Drug Challenge Tests With General Anesthetics: Predictive Value of Skin Tests
Tornero Molina P1, Rojas-Perez-Ezquerra P1, Noguerado-Mellado B1, Baeza Ochoa de Ocáriz ML1, Garrido Sánchez A2, Alonso Mateos M2, Zubeldia Ortuño JM1
1Allergy Department, University Hospital Gregorio Marañón and Gregorio Marañón Health Research Institute, Madrid, Spain
2Anesthesiology Department, University Hospital Gregorio Marañón and Gregorio Marañón Health Research Institute, Madrid, Spain
J Investig Allergol Clin Immunol 2020; Vol 30(2)
Background: The study of perioperative drug reactions remains a major challenge for both diagnosis and therapy. The lack of a standard assessment of allergy to general anesthetics and of data establishing the true value of skin tests for most drugs used in induction and maintenance of anesthesia, as well as the lack of commercially available reagents for in vitro tests, renders the study of these reactions problematic. The aims of this study were to provide a diagnostic protocol for drug challenge testing with general anesthetics, to establish an etiological diagnosis that is as specific as possible, and to determine the predictive value of skin tests.
Methods: Twenty-nine patients with perioperative drug reactions were included in the study from November 2008 to December 2018.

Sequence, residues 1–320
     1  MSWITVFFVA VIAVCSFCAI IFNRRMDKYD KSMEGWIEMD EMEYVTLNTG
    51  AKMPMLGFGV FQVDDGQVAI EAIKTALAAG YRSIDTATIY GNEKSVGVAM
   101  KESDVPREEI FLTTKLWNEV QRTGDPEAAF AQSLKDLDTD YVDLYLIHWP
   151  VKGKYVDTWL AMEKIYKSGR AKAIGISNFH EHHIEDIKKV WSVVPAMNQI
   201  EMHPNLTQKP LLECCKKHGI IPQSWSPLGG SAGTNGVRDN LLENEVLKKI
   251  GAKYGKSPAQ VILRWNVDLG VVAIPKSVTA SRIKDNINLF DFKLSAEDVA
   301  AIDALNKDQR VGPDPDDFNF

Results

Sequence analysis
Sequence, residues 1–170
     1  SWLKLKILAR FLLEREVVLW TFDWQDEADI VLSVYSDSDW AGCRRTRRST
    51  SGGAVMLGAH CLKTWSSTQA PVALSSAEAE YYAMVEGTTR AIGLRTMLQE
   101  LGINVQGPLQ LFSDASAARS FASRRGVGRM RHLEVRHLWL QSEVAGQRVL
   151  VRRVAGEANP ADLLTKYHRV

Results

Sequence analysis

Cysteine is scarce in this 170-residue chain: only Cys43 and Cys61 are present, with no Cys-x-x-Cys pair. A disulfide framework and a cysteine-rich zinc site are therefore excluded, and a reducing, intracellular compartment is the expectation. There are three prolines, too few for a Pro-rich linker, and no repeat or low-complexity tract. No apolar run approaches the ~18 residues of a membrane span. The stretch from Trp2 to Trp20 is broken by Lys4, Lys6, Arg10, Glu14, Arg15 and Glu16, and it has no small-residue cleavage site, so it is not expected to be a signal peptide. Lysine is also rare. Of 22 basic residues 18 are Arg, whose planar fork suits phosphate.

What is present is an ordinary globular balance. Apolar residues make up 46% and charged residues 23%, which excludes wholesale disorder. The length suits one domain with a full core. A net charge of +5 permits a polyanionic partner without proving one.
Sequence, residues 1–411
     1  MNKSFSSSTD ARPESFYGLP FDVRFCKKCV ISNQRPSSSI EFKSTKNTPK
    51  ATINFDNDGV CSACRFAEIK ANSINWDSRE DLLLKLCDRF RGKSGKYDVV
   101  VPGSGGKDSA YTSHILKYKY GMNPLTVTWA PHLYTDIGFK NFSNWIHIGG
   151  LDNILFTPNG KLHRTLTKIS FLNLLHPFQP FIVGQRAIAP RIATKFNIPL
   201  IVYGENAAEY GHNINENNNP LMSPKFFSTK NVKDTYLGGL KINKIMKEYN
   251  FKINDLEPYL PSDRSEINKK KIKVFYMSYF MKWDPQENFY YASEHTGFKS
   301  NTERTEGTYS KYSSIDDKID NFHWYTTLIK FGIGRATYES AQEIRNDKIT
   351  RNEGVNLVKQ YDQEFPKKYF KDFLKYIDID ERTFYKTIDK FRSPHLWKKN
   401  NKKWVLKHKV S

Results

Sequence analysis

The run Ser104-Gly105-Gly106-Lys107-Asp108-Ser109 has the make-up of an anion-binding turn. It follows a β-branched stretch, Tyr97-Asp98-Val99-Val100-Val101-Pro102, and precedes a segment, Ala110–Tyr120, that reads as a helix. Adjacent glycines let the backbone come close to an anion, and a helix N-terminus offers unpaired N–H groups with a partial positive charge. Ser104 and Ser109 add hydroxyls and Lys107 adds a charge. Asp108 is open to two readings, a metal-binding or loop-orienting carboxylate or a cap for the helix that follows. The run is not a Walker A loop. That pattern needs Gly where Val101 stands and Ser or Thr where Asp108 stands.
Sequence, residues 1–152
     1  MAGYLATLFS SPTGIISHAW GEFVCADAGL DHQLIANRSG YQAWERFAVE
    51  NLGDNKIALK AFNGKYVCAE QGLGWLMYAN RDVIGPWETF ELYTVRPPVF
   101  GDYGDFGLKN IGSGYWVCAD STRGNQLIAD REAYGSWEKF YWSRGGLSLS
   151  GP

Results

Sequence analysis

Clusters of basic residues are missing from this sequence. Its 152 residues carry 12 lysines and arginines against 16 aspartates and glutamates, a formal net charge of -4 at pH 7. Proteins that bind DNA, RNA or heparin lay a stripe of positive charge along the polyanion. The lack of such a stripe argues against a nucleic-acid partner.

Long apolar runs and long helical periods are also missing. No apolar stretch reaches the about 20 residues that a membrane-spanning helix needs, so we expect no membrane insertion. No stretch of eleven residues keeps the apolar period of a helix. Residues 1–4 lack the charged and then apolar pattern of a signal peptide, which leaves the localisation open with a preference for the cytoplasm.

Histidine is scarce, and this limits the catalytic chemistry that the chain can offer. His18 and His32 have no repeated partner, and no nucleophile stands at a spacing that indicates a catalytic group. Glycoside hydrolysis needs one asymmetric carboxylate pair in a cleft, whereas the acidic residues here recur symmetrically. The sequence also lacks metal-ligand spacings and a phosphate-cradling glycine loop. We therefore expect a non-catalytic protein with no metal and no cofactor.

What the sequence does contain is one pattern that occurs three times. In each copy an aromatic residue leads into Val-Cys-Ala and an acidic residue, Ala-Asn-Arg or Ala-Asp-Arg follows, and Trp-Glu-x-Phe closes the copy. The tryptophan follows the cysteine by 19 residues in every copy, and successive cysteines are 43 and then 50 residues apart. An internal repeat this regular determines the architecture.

Results: We confirmed the high negative predictive value of the tests (96%-100%) in the case of propofol, rocuronium, and fentanyl. To our knowledge, this is the first study to describe drug challenge testing with general anesthetics and, therefore, to establish the true negative predictive value of skin tests, which leads to a definitive diagnosis and safer surgery.
Conclusions: After assessing risks and benefits and considering the importance of this group of drugs, we conclude that drug challenge testing with general anesthetics is necessary. We propose a protocol for perioperative drug reactions that enables us to make a highly accurate etiological diagnosis with minimum risk for the patient.
Key words: Drug challenge test, General anesthetics, Perioperative drug reactions, Predictive value, Skin tests